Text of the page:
Cowell makes him bi in The Players.  Etc, etc. The question the film
raises is less about mass media per se, I think, than it does the mass
medium of film in particular, and why film seems more constrained than
literature when it comes to representing sex and sexuality.

[4]-------------------------------------------------------------
From:           Gerda Grice <
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Date:           Thursday, 7 Jan 1999 12:08:04 -0500 (EST)
Subject: 10.0024 Re: Shakespeare in Love
Comment:        Re: SHK 10.0024 Re: Shakespeare in Love

One thing I found interesting in the film was that Gwyneth Paltrow was a
much more convincing Romeo than she was a Juliet.

Gerda Grice
Ryerson Polytechnic University
Toronto, Canada

[5]-------------------------------------------------------------
From:           Jason Mical <
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Date:           Thursday, 07 Jan 1999 11:19:05 PST
Subject: 10.0024 Re: Shakespeare in Love
Comment:        Re: SHK 10.0024 Re: Shakespeare in Love

It was written:

>All this is not to say that the film works exclusively to closet
>questions of homosexuality.  As I noted in my earlier post, I was
>perplexed by the way the film works contradictorily, seeming to closet
>and contain potentially disruptive questions (assumed to be so for
>presumptively hetero mainstream audiences) about the actors' /
>playwrights' sexuality and to "out" its own closeting of same.

And noted:

>I particularly liked the way Stoppard played with Elizabethan (and
>Shakespearian) theatrical conventions (I'm assuming, like most people,
>that the script is virtually entirely his own). Cross-dressing? The
>essential need for a muse? A benevolent and all-knowing monarch,
>disguised and at the last, appropriate moment revealed? It seemed to me
>that Stoppard was just daring critics (and academics) to take him to
>task for such outlandish and, of course, unbelievable devices. Doth
>strain credulity to think on't.

Knowing Stoppard's had a hand in the movie, and without having seen it
myself (ah Tulsa, the "stronghold of Southern culture," why do you never
get any movies except "Godzilla" on a first-run basis?), I would be
willing to venture that Stoppard is probably playing with some of the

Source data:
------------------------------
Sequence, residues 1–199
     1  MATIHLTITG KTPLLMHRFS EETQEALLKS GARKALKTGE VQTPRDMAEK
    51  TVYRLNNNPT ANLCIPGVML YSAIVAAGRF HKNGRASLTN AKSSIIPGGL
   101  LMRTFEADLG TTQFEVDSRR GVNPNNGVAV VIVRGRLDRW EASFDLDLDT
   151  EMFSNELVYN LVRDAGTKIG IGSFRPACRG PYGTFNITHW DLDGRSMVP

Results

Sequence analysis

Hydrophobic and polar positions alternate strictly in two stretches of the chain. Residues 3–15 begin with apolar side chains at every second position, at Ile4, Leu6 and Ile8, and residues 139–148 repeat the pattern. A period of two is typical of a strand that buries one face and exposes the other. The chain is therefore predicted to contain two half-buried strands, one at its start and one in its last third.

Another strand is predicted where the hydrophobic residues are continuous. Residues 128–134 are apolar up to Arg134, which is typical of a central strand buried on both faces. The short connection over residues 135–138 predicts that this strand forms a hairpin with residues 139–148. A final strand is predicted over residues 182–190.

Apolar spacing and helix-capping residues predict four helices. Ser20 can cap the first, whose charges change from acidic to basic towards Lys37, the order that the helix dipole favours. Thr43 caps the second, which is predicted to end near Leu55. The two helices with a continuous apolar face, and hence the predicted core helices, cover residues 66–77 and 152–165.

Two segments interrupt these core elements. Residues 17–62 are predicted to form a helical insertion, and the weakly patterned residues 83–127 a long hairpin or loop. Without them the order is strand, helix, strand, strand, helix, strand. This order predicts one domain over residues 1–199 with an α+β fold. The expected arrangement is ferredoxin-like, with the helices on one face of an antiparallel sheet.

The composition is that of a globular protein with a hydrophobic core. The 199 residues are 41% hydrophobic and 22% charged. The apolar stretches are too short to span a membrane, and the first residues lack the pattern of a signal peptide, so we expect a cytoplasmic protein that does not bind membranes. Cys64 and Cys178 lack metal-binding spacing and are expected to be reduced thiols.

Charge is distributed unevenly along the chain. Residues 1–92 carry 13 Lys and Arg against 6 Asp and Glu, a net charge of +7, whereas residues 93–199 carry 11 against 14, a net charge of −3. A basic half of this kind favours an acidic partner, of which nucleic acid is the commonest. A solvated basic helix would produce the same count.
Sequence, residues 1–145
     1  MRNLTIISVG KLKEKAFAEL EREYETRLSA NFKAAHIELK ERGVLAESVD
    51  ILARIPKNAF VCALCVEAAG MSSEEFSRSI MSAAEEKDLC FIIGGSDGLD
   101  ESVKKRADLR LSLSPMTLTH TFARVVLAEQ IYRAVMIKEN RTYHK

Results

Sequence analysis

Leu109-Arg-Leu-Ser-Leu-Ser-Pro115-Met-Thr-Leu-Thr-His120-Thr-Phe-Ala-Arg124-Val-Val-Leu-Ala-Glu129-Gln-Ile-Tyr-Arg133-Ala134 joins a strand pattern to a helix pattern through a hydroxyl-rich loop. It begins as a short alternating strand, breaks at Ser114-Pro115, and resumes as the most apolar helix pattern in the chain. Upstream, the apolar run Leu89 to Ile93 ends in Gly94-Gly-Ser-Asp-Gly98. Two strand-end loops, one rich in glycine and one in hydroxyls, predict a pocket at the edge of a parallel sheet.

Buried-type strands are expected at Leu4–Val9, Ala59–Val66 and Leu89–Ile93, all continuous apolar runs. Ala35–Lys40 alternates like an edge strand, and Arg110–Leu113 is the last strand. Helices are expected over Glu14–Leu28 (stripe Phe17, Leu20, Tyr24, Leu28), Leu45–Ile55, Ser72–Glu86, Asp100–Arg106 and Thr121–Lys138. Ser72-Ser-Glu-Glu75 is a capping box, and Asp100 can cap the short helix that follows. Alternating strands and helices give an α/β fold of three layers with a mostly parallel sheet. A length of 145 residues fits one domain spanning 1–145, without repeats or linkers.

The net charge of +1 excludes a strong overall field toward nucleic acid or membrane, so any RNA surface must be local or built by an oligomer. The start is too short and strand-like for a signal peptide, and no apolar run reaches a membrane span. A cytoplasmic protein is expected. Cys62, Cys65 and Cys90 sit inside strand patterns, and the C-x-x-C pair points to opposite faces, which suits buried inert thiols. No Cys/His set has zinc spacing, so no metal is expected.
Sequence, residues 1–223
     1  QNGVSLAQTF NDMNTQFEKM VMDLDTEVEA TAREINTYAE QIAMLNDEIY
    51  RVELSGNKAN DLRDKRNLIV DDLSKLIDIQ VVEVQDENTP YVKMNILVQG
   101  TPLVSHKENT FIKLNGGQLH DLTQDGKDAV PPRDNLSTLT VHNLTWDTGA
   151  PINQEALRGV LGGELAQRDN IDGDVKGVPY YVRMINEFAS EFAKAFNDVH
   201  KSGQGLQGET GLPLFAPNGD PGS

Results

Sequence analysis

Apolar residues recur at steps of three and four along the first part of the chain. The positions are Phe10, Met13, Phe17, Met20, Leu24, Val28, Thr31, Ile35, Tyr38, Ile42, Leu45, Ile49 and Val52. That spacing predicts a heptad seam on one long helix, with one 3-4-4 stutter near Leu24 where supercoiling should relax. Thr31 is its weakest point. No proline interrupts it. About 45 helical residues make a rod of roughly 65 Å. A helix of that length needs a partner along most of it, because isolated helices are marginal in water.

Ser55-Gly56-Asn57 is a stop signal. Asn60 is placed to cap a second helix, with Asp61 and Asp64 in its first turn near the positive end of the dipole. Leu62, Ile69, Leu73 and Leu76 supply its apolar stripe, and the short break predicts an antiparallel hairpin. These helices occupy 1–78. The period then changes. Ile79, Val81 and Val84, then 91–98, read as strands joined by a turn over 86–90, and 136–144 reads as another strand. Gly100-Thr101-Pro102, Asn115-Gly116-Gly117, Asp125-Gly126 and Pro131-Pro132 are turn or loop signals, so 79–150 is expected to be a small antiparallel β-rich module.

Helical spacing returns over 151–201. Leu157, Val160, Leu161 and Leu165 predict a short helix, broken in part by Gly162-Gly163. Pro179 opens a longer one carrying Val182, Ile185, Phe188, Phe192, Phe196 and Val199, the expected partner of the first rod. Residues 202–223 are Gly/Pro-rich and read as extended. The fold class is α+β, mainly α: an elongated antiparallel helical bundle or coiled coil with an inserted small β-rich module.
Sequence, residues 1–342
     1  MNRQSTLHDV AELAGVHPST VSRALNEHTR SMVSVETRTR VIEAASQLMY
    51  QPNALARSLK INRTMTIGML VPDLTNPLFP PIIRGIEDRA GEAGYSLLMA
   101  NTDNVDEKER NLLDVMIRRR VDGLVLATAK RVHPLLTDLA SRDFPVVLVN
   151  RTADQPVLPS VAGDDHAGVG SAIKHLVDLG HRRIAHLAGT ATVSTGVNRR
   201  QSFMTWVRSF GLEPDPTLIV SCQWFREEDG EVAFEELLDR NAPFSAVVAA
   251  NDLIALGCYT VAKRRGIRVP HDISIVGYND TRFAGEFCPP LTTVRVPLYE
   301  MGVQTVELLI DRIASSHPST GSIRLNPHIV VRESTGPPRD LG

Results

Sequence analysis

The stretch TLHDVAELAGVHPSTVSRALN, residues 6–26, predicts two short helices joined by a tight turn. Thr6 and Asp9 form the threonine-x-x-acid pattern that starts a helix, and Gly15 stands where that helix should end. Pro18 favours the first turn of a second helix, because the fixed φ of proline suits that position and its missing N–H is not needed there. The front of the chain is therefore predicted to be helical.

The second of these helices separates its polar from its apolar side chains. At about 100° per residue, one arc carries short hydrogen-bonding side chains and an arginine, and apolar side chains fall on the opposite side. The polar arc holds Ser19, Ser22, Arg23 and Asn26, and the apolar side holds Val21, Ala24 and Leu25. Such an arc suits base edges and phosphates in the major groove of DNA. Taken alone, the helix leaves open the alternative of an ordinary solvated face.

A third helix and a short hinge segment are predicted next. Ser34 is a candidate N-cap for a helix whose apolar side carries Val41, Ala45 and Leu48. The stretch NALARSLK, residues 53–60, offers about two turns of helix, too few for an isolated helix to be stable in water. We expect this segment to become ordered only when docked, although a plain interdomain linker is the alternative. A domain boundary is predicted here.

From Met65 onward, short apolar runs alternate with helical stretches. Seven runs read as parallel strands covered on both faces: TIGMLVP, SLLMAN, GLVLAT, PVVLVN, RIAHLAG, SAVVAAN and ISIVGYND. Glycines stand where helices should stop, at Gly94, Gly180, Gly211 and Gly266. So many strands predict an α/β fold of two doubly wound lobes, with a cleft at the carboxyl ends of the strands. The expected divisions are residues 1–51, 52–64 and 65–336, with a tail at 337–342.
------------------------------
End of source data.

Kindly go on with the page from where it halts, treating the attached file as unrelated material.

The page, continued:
hot issues surrounding Shakespeare (no pun intended).  In the film
version of "Rosencrantz and Guildenstern," Stoppard poked fun at debates
like Hamlet's attraction for his mother, whether Polonius was a clever
schemer or a dumb puppet, etc.  I would not be surprised if he was doing
the same thing here.  He seems not only to be daring critics and
academics to take him to task, he is intentionally making fun of some of
the academic debates and suggesting, "perhaps we should just enjoy it as
humorous and dramatic literature, at least for a couple of hours."

Jason Mical
Drury College

[6]-------------------------------------------------------------
From:           David Hale <
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Date:           Thursday,07 Jan 99 16:12:41 EST
Subject: SHK 10.0024 Re: Shakespeare in Love
Comment:        re: SHAKSPER: SHK 10.0024 Re: Shakespeare in Love

Some more random reflections on "Shakespeare in Love."

We saw the film on Tuesday, the Boxing Day showings in Rochester having
sold out well in advance.

It's interesting to see Imelda Saunton making a career of Nurse-like
roles. She was Margaret in Branagh's "Much Ado" and Maria in Nunn's
"Twelfth Night."

Viola/Paltrow would be a blonde, upmarket version of the Dark Lady.
Since we see her cleaning her teeth, there's no reeking breath from
Sonnet 130. If she were a character in a play by Shakespeare, she would
find a way to avoid marrying Wessex/Paris. But this is a play by
Stoppard, which is different. Wessex, incidentally, is a brief shot at
both colonialism generally and the tobacco business in particular. One
wonders how his plantation in Virginia will fare (badly if he doesn't
let Viola manage it). Viola's theatrical and sexual career implicitly
confirms the stereotype of the loose virtues of actresses-Nell Gwynne
and all that.

3. The film casually accepts Shakespeare's adultery, an acceptance which
has been around about as long as the assumption that there was some fire
behind the smoke of the sonnets to the Dark Lady. My colleagues in
creative writing are not recommending this particular cure for writer's
block.  Perhaps some historicist critic will find a parallel between one
Will, adulterer and feigner, and the one in Washington who generates so
much acceptance.